Colonel Silva Castro was not one to give up and kept his scouts around. And, in the absence of Leolino and Exupério, he launched the attack. He encountered resistance, but not enough to make him give up. He broke down the security walls and broke into the compound. Upon seeing her father with the henchmen enter their home, Portia used the last resort at her disposal. She showed him her grandson, a beautiful, healthy boy. But she couldn't quench her father's thirst for revenge; worse, it seems that her grandson's existence spurred her on. And in front of the immobilized mother, she ordered the death of her grandson, who was sacrificed right there with the cold blade of a machete.

Tied up, Pórcia was driven insane and ended her days as a prisoner in a room in her father's mansion, always under surveillance. Leolino died some time later fighting to avenge his beloved and his son, in which he was helped by his brother. It was so.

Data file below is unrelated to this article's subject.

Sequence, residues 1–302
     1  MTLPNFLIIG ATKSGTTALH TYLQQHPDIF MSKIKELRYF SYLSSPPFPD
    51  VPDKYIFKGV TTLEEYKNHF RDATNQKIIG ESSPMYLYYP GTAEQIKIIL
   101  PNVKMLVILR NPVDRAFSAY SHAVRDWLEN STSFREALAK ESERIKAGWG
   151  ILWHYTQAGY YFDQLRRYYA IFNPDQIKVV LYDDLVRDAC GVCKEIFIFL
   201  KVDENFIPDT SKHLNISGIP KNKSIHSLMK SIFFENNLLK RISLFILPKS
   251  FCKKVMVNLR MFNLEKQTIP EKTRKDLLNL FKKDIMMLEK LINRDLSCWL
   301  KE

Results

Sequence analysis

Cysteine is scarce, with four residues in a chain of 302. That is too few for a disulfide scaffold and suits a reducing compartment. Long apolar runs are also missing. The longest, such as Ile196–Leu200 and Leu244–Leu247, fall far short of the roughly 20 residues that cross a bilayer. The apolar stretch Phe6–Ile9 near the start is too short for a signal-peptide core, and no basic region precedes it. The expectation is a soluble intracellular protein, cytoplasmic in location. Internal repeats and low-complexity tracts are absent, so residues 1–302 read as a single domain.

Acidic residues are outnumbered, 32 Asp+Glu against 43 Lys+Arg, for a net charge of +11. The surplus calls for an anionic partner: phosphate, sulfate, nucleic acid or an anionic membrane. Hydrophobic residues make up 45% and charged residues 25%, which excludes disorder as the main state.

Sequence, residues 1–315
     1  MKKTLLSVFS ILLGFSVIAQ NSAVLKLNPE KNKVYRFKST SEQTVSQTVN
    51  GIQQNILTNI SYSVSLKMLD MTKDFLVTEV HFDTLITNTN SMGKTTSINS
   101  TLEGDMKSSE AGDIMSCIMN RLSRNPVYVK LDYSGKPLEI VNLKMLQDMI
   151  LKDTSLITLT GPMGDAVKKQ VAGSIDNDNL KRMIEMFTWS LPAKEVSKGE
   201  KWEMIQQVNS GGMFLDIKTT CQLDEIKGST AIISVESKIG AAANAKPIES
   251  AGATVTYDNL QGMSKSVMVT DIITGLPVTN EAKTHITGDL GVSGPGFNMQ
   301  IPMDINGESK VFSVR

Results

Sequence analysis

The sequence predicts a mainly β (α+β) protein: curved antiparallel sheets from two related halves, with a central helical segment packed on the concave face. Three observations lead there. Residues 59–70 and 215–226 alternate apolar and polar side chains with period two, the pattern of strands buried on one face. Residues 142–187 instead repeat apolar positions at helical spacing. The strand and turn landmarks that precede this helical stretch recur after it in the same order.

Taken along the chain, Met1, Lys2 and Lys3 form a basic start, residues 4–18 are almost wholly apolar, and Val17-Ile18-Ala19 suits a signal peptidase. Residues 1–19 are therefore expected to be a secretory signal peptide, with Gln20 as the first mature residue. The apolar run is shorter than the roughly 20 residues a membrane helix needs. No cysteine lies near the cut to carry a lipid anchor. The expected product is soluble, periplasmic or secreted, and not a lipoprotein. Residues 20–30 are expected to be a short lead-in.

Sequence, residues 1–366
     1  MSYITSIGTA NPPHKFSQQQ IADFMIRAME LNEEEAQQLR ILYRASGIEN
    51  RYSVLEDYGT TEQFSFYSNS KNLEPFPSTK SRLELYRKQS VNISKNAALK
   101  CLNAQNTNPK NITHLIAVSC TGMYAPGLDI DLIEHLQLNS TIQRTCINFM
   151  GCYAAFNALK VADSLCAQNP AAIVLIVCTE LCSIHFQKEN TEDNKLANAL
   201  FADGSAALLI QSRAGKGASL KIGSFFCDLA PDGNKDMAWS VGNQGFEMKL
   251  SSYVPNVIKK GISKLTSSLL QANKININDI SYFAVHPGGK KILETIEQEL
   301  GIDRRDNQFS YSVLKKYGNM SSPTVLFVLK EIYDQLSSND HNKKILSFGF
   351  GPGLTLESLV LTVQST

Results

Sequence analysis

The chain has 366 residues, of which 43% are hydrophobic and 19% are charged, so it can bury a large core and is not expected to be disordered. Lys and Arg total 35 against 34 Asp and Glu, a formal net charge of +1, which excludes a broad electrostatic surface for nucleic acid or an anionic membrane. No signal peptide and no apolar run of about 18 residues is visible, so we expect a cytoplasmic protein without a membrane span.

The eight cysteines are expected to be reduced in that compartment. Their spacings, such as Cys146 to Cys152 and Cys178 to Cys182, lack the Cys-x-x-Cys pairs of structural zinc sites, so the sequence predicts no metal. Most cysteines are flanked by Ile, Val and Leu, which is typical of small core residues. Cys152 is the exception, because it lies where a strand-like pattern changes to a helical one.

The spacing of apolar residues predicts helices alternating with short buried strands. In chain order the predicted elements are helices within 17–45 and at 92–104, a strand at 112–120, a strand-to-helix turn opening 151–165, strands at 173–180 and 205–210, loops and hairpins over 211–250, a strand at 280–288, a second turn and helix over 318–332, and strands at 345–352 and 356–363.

***

"Do you understand my interest now?"

- Yes. What a tragedy, huh!? Human beings are capable of doing horrible things...

- So it is. The irony of all this is that she is remembered less than her father – a hero of Independence.

* Joshua Pereira da Silva is a retired professor at Unicamp. Author, among other books, of Critical Sociology and the Crisis of the Left (intermediate).

Originally published in the book autumn tales (Author's edition).